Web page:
Rationale: Activins are members of the transforming growth factor-beta superfamily thought to be involved in repair processes after tissue injury.
Objectives: The aim of this study was to clarify whether activin and its antagonist, follistatin, played a significant role in lung injury and fibrosis.
Methods and results: In bleomycin (BLM)-treated rat lung, mRNA for the beta(A) subunit of activin was upregulated on Days 3 and 7 and decreased gradually thereafter. Immunoreactive activin A was abundantly expressed in macrophages infiltrated in the lung, and was detected in fibroblasts accumulated in the fibrotic area on Day 28. We then administered follistatin, an activin antagonist, to BLM-treated rats. Follistatin significantly reduced the number of macrophages and neutrophils in bronchoalveolar lavage and reduced the protein content. Histologically, follistatin markedly reduced the number of infiltrating cells, ameliorated the destruction of lung architecture on Day 7, and attenuated lung fibrosis on Day 28. The hydroxyproline content was significantly lower in follistatin-treated rats. In cultured lung fibroblasts, production of activin A was augmented by transforming growth factor-beta, and activin antagonist follistatin significantly inhibited transforming growth factor-beta-induced fibroblast activation. These results suggest that activin A was produced in the lung after BLM treatment and promoted acute inflammation and subsequent fibrosis.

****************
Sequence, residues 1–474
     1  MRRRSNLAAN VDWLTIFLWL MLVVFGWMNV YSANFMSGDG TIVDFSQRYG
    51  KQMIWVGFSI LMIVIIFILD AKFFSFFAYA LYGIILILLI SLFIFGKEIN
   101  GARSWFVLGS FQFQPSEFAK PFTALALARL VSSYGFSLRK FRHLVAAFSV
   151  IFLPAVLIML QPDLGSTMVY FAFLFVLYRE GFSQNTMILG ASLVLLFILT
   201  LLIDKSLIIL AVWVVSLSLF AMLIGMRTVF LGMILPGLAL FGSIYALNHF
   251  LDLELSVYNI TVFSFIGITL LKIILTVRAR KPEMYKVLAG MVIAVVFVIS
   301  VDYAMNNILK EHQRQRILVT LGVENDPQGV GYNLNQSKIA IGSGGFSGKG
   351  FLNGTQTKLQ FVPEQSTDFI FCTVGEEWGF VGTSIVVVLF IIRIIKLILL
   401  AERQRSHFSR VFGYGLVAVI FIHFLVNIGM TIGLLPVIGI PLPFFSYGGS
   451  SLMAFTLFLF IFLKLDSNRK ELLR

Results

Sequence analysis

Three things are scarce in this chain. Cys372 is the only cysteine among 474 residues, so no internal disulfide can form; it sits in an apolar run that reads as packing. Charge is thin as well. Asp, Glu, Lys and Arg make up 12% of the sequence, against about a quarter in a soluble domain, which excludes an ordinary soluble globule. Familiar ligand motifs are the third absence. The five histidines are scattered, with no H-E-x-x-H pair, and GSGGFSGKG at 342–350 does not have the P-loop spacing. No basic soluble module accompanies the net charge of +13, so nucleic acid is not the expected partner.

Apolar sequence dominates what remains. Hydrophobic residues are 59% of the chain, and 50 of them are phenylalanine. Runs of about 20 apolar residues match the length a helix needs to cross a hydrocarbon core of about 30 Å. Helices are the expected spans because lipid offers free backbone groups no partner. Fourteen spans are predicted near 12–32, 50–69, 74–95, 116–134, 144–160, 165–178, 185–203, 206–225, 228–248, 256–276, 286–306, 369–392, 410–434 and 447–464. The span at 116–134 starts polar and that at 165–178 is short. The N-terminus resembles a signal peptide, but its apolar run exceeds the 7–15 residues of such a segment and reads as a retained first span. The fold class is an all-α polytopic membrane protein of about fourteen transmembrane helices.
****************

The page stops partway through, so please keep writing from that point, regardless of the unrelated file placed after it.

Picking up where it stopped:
Conclusions: Follistatin is effective in treating acute lung injury and BLM-induced fibrosis by blocking the actions of activin and transforming growth factor-beta.